Hear what author Paul Harris has to say following on from his recent publication The Clarinet...
Welcome to this seventh and final blog considering the content of my new book, The Clarinet. The aim of the book is to present a really thorough discussion of all aspects of clarinet playing, to explain what really happens as we play (much of that scientifically) and how we can learn to develop real control of this wonderful instrument and its music.
In this article we’ll be looking at the instrument itself and some other rather interesting and helpful information I’ve gathered together.
As players and teachers, do we really need to know much about the instrument and its various parts? You can drive many miles in a car, for example, without knowing much about how the engine works! My wonderful teacher, John Davies, frequently told his pupils: ‘simply select the best reed you can find in the box and then do your best’. But over the years I have found that developing some knowledge in this area is quite possible and certainly can be very useful.
There’s a lot we can do to make a poor reed playable and a good reed better – and there is much to consider in the choosing, maintenance and general management of reeds. Wooden reeds are quite expensive and we really do need to know how to get the best out of them, and how they compare with synthetic reeds. There are many fascinating little tricks we can learn to make the whole world of reeds a lot less stressful!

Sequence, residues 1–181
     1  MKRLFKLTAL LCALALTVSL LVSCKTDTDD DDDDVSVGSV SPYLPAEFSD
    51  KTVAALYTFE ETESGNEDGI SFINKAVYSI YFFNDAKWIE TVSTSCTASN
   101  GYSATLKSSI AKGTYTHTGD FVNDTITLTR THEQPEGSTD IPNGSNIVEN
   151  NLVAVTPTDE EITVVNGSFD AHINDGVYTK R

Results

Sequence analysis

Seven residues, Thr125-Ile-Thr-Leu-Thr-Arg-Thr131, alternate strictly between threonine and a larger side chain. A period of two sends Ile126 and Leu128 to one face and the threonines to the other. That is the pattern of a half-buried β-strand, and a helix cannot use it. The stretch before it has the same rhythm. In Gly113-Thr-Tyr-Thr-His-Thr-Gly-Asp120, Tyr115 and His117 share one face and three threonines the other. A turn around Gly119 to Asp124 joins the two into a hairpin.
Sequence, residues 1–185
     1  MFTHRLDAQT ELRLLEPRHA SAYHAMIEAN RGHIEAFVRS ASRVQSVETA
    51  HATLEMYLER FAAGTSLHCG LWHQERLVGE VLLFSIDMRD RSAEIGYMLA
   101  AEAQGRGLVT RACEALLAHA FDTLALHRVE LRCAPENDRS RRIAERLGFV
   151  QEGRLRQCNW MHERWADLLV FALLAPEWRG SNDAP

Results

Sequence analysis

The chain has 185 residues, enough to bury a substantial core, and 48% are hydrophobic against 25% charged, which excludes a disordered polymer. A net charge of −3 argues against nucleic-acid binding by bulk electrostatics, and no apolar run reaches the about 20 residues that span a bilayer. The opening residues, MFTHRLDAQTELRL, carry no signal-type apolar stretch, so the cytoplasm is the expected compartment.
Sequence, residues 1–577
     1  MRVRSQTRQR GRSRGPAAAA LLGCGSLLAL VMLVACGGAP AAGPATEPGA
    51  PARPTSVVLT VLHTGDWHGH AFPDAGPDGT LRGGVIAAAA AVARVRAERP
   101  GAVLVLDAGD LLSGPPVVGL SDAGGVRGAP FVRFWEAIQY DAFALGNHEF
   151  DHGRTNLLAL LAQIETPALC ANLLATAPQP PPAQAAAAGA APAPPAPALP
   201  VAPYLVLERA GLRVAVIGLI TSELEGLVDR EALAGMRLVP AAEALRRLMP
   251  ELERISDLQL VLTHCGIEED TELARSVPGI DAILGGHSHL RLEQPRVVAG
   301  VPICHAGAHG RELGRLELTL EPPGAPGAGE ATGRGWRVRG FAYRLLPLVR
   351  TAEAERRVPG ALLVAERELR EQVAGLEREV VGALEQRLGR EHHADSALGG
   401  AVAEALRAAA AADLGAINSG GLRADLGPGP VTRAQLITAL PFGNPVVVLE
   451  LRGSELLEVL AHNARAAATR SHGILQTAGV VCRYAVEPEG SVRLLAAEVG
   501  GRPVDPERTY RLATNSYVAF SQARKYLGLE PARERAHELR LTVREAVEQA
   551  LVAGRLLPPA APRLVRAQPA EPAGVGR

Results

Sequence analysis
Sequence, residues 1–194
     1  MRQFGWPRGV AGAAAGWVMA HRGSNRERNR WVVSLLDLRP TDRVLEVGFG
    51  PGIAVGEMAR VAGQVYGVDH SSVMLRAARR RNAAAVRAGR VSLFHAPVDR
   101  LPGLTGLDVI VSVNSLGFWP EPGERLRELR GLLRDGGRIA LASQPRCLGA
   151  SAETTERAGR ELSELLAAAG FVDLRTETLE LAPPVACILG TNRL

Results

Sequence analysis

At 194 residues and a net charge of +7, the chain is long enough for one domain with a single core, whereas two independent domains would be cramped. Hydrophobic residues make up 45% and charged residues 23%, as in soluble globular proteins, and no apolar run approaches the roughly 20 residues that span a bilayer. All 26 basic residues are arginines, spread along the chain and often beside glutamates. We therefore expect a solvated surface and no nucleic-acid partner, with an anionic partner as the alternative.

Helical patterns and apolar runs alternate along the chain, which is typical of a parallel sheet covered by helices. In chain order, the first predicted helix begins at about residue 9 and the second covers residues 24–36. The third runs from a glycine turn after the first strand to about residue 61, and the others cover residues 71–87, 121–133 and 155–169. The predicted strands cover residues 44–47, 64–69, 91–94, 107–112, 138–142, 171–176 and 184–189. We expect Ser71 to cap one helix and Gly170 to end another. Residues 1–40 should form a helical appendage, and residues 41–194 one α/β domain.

We can also learn about the mouthpiece and its rather intriguing history. I’ve tried to make the whole business of facing curves, break points and many other slightly daunting aspects of mouthpieces much more approachable and thus manageable. The section on looking after the instrument was much informed by David Fingerhut and Daniel Bangham – two of the very top clarinet technicians; it covers daily, occasional and annual maintenance. The final, and maybe somewhat unexpected, section in this chapter is simply titled ‘The clarinet and orange juice’…
We then come onto some of my favourite stuff – including a short but very comprehensive historical timeline. Do you know who wrote the first clarinet sonata – and when? Or the year that reeds were first machine-made, or the very significant clarinet-related event that took place on the moon in 1969? It’s all there in the timeline!
I have compiled a very comprehensive list of repertoire timings. Each movement of virtually all the main repertoire works are given timings in minutes and seconds. When selecting works for recitals, auditions, concerts and exams, these timings are always a crucial factor and this list I hope will be a very useful aid in making these decisions. Of course, interpretation will play a part, but in compiling this list we have taken an average from at least three different performances.
Finally, maybe one of my favourite explorations–clarinet dynasties. Who was your teacher’s teacher? And their teacher… and their teacher… and so on… I had some lessons with Georgina Dobrée – whose dynasty can be traced right back to Lefèvre and Josef Beer. And through John Davies, I’m only three handshakes away from Henry Lazarus!
Here’s the dynasty for Stanley Drucker– for 61 years a member of the New York Philharmonic – what a dynasty he has!
I hope that you have enjoyed this blog series. To learn more, buy a copy of The Clarinet.